The Harpoon Misses The Mark

So, my man Harry at the Liquor Pump had a new recommendation for me this week: Harpoon 100 Barrel Series – Session 32 Potts Landbier.  He admitted that he hadn’t tried it yet, but he had high hopes and I did as well.

Harpoon’s Potts Landbier is collaborative effort with Braueri in Oelde, Germany.  With high expectations I open and pour my beer.  My hopes fall as flat as the Midwest prairie.  The beer pours thin into the glass and the head dissipates quickly leaving minimal lacing, which also vanishes in short order.  The nose is very faint.  Whatever scent exists leaves a faint sour note.  It’s very similar to that not too pungent smell of a San Francisco bakery finishing its first round of sourdough bread that wafts to you on the sidewalk as you pass along the store front.  There are similarly light malt notes, but they are so ephemeral they are almost not worth noting.  The one highlight was the excellent clarity and I believe clarity in general is overrated.  There are a number cloudy beers or beers with sediment that are outstanding.

It had a low 4.8% ABV (OG 12) and complexity is rare – if not impossible – at that level.  Now, a low ABV doesn’t necessarily mean little hops or flavor, but unfortunately that is what Harpoon delivers here.  The beer is very thin in the mouth even by session beer standards.  The taste is very one note and flat with perhaps a touch of caramel.  There are negligible hops noticed in this beer, however the finish gets an A for the attempt but a D- in execution.  There is a very quick and slightly peppery bite that is so fleeting I wonder if it ever really happened.  It looks more carbonated than it is in actuality.  There are fine small bubbles that dance along the tongue, but sadly, that is the most action your taste buds will experience with this beer.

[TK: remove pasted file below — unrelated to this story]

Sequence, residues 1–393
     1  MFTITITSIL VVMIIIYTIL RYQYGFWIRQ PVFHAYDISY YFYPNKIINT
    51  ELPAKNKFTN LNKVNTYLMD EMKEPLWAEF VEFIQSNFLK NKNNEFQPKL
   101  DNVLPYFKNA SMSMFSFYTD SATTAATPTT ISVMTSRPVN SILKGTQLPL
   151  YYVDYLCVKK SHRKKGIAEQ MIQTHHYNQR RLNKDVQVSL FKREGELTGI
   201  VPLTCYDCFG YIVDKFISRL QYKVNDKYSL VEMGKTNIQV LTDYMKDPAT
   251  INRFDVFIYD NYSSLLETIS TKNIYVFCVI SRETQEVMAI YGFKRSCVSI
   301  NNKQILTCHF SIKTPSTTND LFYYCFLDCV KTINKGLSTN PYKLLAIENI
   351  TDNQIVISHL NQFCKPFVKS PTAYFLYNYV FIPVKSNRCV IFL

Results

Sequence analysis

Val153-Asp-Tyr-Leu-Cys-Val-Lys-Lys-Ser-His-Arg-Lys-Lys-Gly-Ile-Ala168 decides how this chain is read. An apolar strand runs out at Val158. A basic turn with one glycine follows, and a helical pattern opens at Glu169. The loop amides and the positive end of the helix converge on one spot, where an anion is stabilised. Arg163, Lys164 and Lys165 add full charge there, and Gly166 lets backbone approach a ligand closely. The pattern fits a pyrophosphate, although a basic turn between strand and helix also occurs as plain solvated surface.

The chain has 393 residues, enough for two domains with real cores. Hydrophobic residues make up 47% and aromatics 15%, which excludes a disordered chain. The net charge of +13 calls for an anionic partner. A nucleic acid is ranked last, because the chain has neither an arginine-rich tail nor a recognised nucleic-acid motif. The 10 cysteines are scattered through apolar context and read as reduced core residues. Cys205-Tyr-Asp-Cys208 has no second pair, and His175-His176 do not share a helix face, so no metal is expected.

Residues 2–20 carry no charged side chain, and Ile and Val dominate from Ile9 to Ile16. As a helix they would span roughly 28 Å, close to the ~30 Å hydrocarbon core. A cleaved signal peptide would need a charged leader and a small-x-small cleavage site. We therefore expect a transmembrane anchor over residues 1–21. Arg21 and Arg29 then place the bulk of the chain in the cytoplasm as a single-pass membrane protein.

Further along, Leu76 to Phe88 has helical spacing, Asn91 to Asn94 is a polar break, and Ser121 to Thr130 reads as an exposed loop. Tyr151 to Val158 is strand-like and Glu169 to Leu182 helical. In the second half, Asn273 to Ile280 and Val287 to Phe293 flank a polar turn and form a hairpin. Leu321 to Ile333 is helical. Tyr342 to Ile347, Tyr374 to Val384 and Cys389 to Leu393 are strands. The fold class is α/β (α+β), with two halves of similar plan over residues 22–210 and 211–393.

In retrospect, perhaps I should have been a little more judicious with my anticipation.  Landbier translates to ‘country beer’.  Landbiers are designed to be session beers, which this clearly intended to be.  I’m just not sure what Harpoon was trying to accomplish with this beer.  I get it.  Landbiers are not complex, but instead smooth beers that are easy to drink.  I also appreciate subtle, but this beer strikes me as more lazy than subtle.  Even at this relatively low price point for a bomber there are a number of beers that I could acquire around the same price that I would choose well before reaching for another Pott’s Landbier.  Hopefully, next week yields something a little tastier.


~ by its12oclocksomewhere on August 6, 2010.

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